A dominant win from Farm Legend gifted Sean Woods a double, but the trainer is hoping the three-year-old can land him a much bigger prize next season.
Woods is hopeful Farm Legend has the potential to step up as a Derby contender next year and is confident that we have yet to see the best from his progressive youngster.
Farm Legend made a lie of his race inexperience to gun down Royal Pumpkin and Roma Thunder in the Beas River Country Club Handicap (1,400m).
'All indications have been that Farm Legend is a very nice horse with a bright future,' Woods said. 'He has a lot of class but really is still just the shell of a horse, he has a lot of maturing to do.
'I think he'll get further, a mile will be no problem, and if he's up to that, then who knows, a Derby campaign may not be out of the question.'
Woods is taking it one step at a time, however, and gave the horse a good space between his first-start fourth behind London China Town and yesterday's win.
'When I looked at him after he ran fourth behind some handy horses, I thought to myself that this bloke needed to be trained like we would in England,' Woods said.
'So I backed off him, gave him some time and even now he's already starting to relax, which is a terrific sign that he's settled in well here.
'It's great for the owners, too, they sent me a horrible horse earlier and I gave it one start and then told them to get rid of it, but to their credit they've stuck solid and hopefully they will be rewarded.'
The trainer started the day in great form after Ho Happy claimed a well-deserved win down the straight in the first event.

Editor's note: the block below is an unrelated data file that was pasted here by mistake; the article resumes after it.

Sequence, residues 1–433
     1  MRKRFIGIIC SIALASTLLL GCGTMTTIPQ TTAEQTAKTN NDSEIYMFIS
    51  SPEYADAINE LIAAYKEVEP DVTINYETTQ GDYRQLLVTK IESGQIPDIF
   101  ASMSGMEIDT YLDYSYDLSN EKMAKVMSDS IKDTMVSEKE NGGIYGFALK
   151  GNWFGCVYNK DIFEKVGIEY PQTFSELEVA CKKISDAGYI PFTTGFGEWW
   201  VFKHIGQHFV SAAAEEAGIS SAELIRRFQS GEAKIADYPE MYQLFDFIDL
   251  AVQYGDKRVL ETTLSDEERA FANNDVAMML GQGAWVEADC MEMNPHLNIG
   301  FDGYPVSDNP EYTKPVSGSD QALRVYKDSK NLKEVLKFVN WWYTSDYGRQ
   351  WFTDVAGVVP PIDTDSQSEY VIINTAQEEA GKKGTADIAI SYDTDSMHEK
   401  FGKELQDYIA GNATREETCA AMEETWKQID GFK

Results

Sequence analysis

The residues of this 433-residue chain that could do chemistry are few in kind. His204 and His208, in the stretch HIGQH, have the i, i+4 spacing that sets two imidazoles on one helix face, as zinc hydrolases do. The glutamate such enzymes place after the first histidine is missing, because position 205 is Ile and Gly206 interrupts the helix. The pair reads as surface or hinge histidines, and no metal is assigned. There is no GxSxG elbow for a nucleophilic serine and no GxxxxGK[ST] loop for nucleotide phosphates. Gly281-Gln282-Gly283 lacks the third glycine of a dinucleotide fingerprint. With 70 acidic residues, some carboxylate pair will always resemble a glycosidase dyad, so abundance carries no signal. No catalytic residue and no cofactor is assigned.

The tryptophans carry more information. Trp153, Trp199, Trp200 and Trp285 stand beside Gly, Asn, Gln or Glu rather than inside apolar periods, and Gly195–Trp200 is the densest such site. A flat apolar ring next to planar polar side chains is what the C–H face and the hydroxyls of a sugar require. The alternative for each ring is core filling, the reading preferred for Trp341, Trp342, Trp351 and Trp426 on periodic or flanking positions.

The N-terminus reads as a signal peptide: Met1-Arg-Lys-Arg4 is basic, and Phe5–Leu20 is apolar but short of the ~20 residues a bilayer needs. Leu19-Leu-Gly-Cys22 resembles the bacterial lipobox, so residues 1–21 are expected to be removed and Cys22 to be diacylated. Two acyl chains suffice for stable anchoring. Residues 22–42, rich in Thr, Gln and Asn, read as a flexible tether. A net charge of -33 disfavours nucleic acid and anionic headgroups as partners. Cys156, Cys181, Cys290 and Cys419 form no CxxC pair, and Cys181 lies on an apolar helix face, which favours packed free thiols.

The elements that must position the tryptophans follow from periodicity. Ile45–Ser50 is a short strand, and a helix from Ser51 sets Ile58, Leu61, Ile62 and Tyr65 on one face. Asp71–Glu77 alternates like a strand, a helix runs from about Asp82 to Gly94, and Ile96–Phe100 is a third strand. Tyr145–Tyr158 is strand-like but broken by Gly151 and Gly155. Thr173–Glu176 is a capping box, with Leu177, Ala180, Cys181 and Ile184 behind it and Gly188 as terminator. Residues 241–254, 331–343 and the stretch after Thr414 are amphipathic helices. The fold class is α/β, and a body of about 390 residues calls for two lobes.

'It was an overdue win for Ho Happy, he has been knocked around in a couple of his races or met some very smart sprinters and it just hasn't fallen into place for him before today,' Woods said.
'He has been very unlucky not to have won earlier, but today he got on the pace, got the right run and really deserved to be rewarded for his efforts.
'I put the side winkers on him for the first time, really just to give him that little extra badge of courage and Douglas [Whyte] navigated him beautifully.
Woods almost bagged a treble when his other straight-course hopeful Diamond Knight finished a narrow second to the same horse who had previously bettered Farm Legend - the talented London China Town.
'Diamond Knight bled after the race but also ran into a very good horse in London China Town,' Woods said. 'It was a top effort because he never got any cover and still attacked the line, so it's a shame he couldn't quite match the good horse after all that.'